CASPER — In the midst of unprecedented volatility in the global oil market, shale producers in Wyoming received a small boost Friday in the form of tax relief. Gov. Mark Gordon signed into law a bill providing reductions in state mineral taxes amidst certain price environments.
The tax break would kick in if the 12-month rolling average of oil prices falls below $50 per barrel. For natural gas, the 12-month rolling average would need to be less than $2.95 per thousand cubic feet.
In these scenarios, the state’s mineral production tax — know as a severance tax — would be reduced by 2 percent under the new act.
Oil prices have plunged in response to the spread of COVID-19 caused by the coronavirus and a global price war. And several major oil and gas companies have started trimming their workforces or reeling in expenses.
According to a Friday report by the Energy Information Administration, the oil market has never been this volatile, with a glut in supply and a shortage of fuel demand causing “extreme” price fluctuations.
The U.S. Department of Energy initially floated the idea of purchasing 30 million barrels of oil to fill the Strategic Petroleum Reserve and ease the demand drought facing producers. But the stimulus bill passed Friday by the U.S. Congress did not provide such a provision.
However, Randall Luthi, energy policy advisor for the governor, said the idea hasn’t been entirely pitched and could be introduced in financial aid packages down the road.
“House Bill 243 is the least we can do in the worst of times,” Luthi said.
He added lawmakers may have considered extending even more relief to producers, had energy markets taken a turn for the worse earlier, during the Legislature’s session. There are also limits to the bill.
Oil operators will not be able to reap the benefits of the relief until the act goes into effect July 1.
Eligible operators would see 2 percent chipped off their severance tax rate for the first six months of production, and 1 percent for the six months after that.
Ultimately, the relief only applies to a well for one year.
The bill was also meant to be temporary and includes a provision to sunset the relief at the end of 2025.
In the meantime, West Texas Intermediate, the U.S. benchmark, fell to $21 a barrel Friday — an over 65 percent drop from the beginning of this year. The realized price for oil in Wyoming plunged even lower.
“Oil prices have been murdered,” University of Wyoming economist Rob Godby said.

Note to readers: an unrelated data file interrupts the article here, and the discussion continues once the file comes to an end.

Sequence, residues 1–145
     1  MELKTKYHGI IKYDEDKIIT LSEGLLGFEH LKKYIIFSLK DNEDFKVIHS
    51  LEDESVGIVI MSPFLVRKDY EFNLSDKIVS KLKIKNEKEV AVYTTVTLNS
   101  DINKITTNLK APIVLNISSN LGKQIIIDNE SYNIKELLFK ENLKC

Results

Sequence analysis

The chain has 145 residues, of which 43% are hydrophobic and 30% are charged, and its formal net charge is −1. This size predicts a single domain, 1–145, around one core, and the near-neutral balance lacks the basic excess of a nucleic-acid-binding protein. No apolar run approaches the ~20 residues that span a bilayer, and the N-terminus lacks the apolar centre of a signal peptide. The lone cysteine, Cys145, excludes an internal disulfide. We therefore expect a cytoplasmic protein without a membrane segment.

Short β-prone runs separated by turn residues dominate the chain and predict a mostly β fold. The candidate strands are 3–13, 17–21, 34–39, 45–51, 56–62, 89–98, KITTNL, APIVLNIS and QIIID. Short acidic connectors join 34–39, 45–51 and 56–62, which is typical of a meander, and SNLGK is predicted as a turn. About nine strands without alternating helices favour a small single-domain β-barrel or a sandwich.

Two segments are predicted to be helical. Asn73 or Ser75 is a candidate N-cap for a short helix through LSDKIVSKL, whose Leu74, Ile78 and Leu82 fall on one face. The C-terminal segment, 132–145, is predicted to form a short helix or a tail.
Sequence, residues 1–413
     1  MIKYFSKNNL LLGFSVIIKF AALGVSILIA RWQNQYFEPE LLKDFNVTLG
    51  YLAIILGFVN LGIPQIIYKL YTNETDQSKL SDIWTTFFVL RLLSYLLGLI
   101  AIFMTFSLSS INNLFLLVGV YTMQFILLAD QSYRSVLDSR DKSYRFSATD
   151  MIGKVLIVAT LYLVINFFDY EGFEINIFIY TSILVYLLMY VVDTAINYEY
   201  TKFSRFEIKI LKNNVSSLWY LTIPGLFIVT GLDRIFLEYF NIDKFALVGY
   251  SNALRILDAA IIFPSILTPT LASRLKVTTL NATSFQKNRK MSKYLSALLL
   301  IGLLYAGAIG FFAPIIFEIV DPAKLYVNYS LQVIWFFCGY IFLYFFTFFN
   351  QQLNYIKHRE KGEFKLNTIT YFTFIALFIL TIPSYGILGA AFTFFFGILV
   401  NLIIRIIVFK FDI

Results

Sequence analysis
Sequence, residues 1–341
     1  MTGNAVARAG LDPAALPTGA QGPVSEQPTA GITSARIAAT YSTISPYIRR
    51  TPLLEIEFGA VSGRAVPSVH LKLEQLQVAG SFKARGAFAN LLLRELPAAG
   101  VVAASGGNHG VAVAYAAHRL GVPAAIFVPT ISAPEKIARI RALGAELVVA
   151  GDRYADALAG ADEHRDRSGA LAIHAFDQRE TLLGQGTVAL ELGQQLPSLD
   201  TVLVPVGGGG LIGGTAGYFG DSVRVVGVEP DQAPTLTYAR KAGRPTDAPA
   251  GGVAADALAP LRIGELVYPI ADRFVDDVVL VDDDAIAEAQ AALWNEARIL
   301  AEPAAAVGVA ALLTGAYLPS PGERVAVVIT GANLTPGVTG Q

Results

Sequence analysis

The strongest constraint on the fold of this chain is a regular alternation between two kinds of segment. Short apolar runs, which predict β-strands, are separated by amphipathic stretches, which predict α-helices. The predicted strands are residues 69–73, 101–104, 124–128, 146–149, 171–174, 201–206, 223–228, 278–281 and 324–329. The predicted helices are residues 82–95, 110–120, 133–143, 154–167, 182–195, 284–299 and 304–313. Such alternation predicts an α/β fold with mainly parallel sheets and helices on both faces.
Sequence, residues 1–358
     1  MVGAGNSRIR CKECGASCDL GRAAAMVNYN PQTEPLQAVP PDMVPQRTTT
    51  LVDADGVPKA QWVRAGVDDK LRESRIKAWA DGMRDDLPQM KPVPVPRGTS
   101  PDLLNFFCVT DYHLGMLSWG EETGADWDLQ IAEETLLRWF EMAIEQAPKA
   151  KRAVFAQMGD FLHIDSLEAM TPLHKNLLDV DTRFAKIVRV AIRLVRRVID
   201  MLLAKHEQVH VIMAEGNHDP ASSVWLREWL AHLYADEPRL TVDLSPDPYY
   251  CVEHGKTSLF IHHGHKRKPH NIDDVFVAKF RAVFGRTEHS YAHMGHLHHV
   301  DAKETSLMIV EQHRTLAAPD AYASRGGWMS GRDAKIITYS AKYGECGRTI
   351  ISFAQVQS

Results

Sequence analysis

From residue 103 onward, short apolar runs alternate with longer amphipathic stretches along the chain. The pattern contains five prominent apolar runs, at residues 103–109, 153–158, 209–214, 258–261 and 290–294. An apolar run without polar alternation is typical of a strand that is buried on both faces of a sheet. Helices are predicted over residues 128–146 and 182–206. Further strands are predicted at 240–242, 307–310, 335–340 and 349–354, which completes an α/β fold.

While larger oil and gas companies may be more poised to weather the downturn, midsize operators with debt could be hit the hardest by the brutal price environment. Firms of all sizes have announced drastic plans to slash spending this month.
“At this challenging time for the energy industry in Wyoming, our top priority is the health and safety of our employees and families,” said Ryan McConnaughey, communications director for the Petroleum Association of Wyoming. “Beyond that, as a critical fuel supplier to the nation, we must make sure all aspects of the industry are considered to be essential by federal, state and local governments. Despite recent calls by activist groups to shut down all state activity, critical work must continue to provide reliable, abundant energy that heats and lights our homes, and keeps as many Wyoming people working as possible in these challenging times.”
The downturn in oil also has sweeping implications for the state’s budget, which continues to heavily rely on revenue from minerals.
State economists had anticipated a loss in revenue from natural gas and coal. But the state had forecast rosier conditions for oil, even considering it a commodity to lean on as the state diversified its economy.
“This (current price of oil) is going to hammer the one revenue stream from minerals that the state has become more dependent on because of the ongoing declines in coal and gas,” Godby, the economist, said. “Obviously, oil is now potentially the worst of the three legs because of its price.”
Critics of House Bill 243 considered the cuts in severance taxes just another loss of revenue for the state at a time when revenue streams are drying up.
But Luthi said he hopes the bill could incentivize operators to drill in Wyoming. Relaxing severance taxes for operators could make the state a more attractive place to stay and continue drilling when the economy mends, he said.